Student attendance is monitored effectively. A swipe card system is used in conjunction with daily in-class registration. All absenteeism is diligently recorded and promptly followed up. For example, texts are automatically sent to parents whose child is absent and letters then follow if necessary. These systems are reported to have led to an improvement in student attendance.
A pro-active parents’ council provides a high level of support to the school. Meetings are held regularly. The council consists of seventeen committee members and attendance at meetings is generally very good. The annual general meeting (AGM) tends to be well attended. The role of the council has evolved to include the organisation of career nights, of talks for the main parent body, of fundraising for the school, of the first-year open day and of mock interviews for sixth year students. Contact is maintained with the main parent body through letters. The work of the parents’ council has made a valuable contribution to the operations of the school and this is commended. To foster a greater general awareness of the very good work of the parents’ council, there is scope to utilise the school website to publicise its activities. Management is very supportive of the council and every effort is made to ensure it is represented at all meetings.
Effective measures are in place to ensure very good communication between the school and parents. These include the school journal which is the primary means of communication, letters regarding different strands of school life and parent-teacher meetings. Phone calls and/or post cards are used to recognise, and reward, positive behaviour. The duties attached to an assistant principal post of responsibility include public relations, the purpose being to ensure that good links with the community and other outside agencies are maintained. In addition, the school has established links with many external agencies including North Dublin School of Music which provides instrumental lessons in St Finian’s Community College for any student in Swords wishing to avail of this facility. A further post of responsibility has been allocated for the coordination of evening classes, which are held in the school and which primarily focus on leisure activities. These courses are publicised locally and have maintained a consistently good uptake throughout the last ten years.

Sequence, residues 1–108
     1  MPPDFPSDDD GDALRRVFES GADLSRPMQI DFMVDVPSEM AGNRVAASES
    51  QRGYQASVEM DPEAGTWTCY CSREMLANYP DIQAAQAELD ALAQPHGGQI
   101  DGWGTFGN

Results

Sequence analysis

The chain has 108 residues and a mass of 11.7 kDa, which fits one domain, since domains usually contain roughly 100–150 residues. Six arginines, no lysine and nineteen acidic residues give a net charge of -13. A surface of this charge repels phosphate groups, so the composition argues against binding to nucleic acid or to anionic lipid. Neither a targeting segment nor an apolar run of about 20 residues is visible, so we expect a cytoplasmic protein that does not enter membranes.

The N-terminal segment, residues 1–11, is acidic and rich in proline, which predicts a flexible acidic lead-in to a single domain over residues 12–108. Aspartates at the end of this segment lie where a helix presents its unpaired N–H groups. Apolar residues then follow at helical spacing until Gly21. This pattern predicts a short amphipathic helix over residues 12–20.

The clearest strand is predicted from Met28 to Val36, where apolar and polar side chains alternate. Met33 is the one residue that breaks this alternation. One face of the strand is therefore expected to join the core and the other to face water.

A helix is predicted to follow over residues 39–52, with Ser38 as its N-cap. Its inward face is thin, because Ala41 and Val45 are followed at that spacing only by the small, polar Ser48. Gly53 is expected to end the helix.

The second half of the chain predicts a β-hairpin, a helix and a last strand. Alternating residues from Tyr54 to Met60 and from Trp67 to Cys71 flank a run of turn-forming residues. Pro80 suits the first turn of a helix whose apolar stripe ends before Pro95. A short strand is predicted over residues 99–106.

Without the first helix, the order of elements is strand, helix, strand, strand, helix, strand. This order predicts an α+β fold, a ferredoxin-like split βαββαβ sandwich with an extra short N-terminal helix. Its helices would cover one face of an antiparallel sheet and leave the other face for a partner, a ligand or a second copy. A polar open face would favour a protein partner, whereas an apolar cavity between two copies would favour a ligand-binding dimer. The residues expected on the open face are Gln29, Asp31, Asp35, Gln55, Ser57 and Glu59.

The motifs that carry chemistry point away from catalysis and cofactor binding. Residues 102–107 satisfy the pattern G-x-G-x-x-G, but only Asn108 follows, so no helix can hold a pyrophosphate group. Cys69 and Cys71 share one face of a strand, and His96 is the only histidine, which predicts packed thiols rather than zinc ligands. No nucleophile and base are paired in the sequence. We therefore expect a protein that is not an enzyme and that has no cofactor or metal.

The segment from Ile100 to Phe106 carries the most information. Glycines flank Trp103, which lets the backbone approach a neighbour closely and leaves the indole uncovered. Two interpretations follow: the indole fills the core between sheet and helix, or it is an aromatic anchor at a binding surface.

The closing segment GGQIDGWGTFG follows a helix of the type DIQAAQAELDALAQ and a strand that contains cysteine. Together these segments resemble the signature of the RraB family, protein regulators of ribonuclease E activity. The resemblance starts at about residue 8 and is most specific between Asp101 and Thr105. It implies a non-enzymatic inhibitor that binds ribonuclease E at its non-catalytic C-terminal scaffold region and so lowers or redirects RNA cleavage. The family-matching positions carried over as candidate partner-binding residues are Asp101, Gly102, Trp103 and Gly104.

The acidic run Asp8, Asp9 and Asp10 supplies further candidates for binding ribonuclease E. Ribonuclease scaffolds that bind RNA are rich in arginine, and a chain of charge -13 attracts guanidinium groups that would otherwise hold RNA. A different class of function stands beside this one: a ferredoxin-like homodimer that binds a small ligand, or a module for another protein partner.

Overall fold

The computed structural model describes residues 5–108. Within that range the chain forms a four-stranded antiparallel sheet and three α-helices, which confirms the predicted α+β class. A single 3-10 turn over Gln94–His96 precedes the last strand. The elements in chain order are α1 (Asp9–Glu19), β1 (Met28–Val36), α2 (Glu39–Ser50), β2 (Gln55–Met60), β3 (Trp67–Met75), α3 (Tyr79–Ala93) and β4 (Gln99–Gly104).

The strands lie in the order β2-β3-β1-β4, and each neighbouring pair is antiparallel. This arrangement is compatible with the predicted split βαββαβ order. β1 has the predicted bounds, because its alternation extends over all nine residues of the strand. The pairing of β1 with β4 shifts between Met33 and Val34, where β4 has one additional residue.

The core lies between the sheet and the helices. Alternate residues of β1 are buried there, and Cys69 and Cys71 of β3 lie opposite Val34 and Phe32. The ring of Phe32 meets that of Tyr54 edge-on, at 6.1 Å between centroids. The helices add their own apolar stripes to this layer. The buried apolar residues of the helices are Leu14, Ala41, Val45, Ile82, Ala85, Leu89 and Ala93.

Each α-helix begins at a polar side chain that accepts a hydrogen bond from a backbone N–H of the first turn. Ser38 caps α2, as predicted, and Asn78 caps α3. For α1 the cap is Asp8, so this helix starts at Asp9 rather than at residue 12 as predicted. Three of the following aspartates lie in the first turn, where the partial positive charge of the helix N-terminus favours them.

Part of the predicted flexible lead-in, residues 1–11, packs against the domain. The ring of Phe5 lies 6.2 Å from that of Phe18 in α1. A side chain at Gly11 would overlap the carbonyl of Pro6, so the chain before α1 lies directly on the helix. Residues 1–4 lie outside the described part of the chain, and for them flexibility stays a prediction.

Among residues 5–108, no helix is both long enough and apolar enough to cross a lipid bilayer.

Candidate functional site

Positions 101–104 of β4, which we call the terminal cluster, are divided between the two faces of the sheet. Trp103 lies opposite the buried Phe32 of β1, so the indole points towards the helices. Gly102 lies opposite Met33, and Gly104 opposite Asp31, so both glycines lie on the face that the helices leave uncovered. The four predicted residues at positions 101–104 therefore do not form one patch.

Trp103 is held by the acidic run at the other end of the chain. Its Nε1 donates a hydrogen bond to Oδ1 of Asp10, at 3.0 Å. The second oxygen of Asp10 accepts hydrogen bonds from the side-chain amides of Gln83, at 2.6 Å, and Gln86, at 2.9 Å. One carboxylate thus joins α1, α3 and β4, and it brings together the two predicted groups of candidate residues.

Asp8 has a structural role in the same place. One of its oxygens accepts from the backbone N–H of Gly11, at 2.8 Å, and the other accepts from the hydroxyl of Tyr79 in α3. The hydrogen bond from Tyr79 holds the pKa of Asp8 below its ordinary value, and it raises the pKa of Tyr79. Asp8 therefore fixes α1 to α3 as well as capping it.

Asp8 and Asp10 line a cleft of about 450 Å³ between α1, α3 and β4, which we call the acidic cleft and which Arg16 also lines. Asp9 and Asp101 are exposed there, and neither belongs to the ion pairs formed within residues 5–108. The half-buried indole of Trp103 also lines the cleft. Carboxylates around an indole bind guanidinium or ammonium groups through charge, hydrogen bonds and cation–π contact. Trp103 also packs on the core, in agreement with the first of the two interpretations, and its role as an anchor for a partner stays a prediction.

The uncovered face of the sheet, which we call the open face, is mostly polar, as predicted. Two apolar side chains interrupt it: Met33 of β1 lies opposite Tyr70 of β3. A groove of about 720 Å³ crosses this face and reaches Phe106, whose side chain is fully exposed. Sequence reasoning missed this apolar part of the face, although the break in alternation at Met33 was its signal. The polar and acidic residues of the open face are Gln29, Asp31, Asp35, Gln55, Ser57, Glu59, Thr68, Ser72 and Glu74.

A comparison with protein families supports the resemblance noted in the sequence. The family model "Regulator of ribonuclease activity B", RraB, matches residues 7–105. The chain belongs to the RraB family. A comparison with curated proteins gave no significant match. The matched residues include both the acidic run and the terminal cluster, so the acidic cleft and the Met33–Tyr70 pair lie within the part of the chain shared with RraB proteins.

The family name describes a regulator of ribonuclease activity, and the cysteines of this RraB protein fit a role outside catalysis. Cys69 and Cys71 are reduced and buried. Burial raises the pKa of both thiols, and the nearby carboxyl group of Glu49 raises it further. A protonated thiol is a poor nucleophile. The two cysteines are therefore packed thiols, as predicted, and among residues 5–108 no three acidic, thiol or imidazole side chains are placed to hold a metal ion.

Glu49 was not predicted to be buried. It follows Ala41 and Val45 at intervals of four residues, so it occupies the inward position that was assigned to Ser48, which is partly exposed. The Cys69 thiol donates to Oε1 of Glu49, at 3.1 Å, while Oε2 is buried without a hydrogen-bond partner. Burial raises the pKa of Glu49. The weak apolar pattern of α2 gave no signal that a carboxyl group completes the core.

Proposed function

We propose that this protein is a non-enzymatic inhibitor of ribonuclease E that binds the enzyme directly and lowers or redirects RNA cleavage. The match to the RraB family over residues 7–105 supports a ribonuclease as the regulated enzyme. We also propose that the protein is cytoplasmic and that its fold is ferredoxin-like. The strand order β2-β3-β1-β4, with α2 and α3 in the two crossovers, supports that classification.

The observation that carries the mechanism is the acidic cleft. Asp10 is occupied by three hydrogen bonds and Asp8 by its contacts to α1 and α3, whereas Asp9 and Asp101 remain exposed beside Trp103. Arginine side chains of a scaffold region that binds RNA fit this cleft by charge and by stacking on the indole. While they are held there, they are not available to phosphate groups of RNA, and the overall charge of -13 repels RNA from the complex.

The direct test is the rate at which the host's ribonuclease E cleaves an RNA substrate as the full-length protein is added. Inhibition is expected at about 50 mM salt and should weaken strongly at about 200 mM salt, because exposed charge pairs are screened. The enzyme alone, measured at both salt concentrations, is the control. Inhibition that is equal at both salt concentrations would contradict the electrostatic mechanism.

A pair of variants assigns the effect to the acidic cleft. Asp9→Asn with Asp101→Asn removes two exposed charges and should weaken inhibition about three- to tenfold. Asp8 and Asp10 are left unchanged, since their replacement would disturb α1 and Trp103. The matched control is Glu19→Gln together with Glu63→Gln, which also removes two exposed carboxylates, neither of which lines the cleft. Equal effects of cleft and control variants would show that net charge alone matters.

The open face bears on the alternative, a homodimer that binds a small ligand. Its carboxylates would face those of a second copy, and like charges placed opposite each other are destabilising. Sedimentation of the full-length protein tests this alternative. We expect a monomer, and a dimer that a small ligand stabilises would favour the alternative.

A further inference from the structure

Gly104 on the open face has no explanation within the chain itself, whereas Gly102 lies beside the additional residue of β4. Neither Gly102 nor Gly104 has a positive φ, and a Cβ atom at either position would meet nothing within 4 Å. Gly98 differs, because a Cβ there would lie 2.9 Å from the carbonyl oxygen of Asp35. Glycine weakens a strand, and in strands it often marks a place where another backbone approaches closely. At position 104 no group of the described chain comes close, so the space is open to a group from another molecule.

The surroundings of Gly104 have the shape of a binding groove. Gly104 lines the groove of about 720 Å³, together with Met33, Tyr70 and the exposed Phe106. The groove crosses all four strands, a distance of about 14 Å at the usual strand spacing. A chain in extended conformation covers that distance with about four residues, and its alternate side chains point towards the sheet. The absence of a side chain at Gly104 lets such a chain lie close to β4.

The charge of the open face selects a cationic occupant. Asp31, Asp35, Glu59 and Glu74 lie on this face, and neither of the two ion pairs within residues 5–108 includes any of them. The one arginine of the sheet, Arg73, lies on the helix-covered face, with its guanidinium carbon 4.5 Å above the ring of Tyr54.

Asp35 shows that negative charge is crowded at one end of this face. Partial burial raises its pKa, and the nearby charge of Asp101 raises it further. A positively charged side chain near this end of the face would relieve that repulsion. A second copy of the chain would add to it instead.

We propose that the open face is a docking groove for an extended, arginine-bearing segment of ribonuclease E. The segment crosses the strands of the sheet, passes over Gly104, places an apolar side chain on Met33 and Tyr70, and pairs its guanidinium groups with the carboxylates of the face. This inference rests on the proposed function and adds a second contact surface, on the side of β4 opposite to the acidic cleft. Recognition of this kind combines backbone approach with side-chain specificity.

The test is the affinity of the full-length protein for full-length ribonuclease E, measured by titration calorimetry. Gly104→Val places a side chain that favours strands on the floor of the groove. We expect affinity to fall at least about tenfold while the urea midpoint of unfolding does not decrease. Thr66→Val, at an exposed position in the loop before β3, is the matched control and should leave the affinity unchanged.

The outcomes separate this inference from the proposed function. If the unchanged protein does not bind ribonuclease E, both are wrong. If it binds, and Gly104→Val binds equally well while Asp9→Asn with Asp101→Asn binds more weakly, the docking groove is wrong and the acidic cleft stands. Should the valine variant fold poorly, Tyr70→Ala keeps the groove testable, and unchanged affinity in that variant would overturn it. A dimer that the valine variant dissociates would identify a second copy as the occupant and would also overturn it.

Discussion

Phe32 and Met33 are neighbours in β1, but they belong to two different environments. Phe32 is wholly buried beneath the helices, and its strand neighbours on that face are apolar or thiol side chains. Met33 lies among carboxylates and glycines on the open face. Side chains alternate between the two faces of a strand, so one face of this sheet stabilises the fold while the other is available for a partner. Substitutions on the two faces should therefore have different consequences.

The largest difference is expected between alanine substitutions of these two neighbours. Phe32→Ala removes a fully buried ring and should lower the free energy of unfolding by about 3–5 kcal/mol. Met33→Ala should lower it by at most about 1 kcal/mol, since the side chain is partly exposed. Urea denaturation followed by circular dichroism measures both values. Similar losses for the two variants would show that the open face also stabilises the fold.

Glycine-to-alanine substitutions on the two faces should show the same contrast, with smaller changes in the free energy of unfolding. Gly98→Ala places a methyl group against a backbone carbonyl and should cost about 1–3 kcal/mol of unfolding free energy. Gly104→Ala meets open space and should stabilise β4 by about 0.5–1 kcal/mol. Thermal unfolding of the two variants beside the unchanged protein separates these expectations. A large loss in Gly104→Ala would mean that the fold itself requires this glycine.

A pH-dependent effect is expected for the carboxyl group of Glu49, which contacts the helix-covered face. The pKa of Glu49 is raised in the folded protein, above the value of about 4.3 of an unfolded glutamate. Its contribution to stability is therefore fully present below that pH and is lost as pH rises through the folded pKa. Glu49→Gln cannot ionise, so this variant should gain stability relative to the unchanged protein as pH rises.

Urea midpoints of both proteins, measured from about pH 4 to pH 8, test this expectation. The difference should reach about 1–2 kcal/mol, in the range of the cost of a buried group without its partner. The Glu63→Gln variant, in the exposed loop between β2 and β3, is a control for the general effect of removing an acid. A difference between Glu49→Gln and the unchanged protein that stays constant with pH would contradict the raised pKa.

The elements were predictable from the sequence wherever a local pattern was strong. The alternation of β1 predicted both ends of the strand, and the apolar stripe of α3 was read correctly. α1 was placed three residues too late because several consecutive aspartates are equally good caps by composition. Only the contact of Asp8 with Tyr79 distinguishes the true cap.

Self-evaluation and review are fundamental within the management structures of the school. The review of the schedule of posts indicates a commitment by management and staff to ensure that the ongoing needs of the school are being met. The progress made in subject department planning demonstrates that teaching and learning is a core value of their work. It is particularly commendable that the major recommendations that were made in previous subject inspections have been diligently followed up.
The school has in place organisational practices which result in some erosion of the minimum instruction time of twenty-eight hours per week for students required by Circular Letter M29/95 Time in School. These include the release of first year students ten minutes early at lunch-time each day to facilitate their access to the canteen, a six-minute registration period every afternoon for all students and the allocation of two class periods per week for teachers to meet for planning purposes. It is essential that all such systems are reviewed at the first available opportunity to ensure that the requirements of Circular Letter M29/95are fully met.